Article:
Lauren Weiss and colleagues used a reverse pathway genetic approach, focused on the RAS/MAPK pathway, to show that gene-gene interactions contribute to autism.
Autism is a complex disorder of many biological causes that results in characteristic behavioral symptoms. However, recent advances in the genetics of autism point to a constellation of genetic causes that converge on a subset of intracellular signaling pathways, including RAS-MAPK and PI3K/AKT, that may all contribute to autism, even if mutations in these pathways on their own may not be sufficient to cause the disorder.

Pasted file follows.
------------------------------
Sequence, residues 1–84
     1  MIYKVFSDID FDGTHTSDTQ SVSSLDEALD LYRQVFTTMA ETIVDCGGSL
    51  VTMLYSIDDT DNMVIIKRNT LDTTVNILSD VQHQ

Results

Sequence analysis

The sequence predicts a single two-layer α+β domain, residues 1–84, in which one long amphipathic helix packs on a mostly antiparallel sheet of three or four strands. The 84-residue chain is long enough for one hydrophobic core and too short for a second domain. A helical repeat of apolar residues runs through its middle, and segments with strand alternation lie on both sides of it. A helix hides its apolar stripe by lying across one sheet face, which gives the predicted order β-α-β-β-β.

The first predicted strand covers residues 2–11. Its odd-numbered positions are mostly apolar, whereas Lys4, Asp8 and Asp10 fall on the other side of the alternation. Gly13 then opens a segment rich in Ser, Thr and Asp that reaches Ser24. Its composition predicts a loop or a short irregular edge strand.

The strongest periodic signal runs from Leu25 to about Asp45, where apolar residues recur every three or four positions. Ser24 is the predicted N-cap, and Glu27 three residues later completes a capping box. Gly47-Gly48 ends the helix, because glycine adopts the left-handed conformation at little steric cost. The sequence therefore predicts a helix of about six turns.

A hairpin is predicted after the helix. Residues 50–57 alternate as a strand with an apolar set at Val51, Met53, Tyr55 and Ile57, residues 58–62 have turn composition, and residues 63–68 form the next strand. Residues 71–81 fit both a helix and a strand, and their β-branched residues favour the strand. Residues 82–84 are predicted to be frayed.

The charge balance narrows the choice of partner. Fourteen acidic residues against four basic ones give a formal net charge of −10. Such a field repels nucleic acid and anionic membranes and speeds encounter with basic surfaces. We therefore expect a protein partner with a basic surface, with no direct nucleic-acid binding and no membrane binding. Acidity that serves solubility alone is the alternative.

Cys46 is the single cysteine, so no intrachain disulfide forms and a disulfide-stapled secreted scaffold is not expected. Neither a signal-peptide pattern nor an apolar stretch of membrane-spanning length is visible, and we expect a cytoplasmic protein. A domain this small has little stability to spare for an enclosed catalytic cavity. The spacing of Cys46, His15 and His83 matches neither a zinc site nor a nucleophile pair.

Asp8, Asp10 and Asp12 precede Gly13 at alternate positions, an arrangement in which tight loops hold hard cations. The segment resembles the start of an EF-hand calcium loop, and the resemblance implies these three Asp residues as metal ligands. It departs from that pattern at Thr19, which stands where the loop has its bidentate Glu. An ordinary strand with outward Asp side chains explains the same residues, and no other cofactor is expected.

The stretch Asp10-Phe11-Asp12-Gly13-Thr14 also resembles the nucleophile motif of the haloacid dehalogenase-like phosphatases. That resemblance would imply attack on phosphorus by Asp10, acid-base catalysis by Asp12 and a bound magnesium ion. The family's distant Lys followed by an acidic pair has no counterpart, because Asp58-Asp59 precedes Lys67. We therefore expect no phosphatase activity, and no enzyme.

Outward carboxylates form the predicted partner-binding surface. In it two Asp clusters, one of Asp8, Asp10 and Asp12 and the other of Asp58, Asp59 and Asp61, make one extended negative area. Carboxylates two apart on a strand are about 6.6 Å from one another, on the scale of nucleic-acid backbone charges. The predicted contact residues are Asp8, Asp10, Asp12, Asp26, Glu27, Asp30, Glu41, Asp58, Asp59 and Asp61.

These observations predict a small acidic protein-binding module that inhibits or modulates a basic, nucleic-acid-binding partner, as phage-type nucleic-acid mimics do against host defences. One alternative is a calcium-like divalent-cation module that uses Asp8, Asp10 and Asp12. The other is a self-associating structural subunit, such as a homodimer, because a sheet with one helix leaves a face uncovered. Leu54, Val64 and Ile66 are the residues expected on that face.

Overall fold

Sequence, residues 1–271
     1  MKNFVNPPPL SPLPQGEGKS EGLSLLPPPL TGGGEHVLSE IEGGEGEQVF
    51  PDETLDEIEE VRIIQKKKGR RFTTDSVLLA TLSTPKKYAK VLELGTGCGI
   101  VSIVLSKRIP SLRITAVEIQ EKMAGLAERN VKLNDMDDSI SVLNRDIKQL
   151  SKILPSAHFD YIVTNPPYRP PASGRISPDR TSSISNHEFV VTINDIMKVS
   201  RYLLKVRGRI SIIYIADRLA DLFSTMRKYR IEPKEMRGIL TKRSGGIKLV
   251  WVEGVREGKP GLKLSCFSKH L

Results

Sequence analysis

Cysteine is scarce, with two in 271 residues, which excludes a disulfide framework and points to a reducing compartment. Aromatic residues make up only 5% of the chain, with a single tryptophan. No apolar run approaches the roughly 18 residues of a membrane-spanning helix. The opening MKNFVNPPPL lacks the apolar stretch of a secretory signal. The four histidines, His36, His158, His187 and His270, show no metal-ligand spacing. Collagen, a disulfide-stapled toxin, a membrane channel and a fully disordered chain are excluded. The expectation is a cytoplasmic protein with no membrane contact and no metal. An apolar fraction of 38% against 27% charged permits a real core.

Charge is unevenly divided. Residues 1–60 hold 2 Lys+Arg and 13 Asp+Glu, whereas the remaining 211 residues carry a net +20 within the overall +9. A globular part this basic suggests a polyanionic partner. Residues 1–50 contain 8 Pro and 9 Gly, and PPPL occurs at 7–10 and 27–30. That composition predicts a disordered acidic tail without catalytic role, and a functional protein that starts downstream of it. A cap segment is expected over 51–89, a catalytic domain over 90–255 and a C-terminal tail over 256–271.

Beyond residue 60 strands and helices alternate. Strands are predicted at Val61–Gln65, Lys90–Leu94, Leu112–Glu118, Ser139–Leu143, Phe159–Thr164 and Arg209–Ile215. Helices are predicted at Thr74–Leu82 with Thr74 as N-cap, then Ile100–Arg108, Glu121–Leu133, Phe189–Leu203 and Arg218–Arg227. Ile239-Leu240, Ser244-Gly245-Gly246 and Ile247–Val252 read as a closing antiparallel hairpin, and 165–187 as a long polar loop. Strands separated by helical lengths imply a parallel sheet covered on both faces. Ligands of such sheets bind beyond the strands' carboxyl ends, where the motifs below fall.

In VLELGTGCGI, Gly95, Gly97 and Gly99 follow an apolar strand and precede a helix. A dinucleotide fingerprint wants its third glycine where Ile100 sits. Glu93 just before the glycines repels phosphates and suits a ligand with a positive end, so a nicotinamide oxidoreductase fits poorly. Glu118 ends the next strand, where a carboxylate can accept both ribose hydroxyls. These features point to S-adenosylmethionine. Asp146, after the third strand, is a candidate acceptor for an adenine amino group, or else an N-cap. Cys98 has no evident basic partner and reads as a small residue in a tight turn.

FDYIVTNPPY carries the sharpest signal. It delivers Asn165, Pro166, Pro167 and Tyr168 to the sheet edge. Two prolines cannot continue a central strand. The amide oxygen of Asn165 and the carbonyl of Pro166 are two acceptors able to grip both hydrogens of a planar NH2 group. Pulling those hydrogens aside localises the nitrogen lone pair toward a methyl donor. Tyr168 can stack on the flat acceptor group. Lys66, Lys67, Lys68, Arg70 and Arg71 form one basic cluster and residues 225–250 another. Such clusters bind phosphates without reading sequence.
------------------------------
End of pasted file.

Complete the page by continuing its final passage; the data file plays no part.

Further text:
Stelios Smirnakis and his team at Baylor College of Medicine in Houston, Texas, worked to understand how genetic defects in autism lead to malfunction at the circuit level. Understanding the mechanism of circuit malfunction will help generate new hypotheses on how to intervene to promote recovery.
Dysregulation of the intracellular signaling pathway RAS, a risk factor for idiopathic autism, may provide a unifying theory of the disorder. Although this is not an altogether new hypothesis, several new findings have strengthened the evidence for it considerably.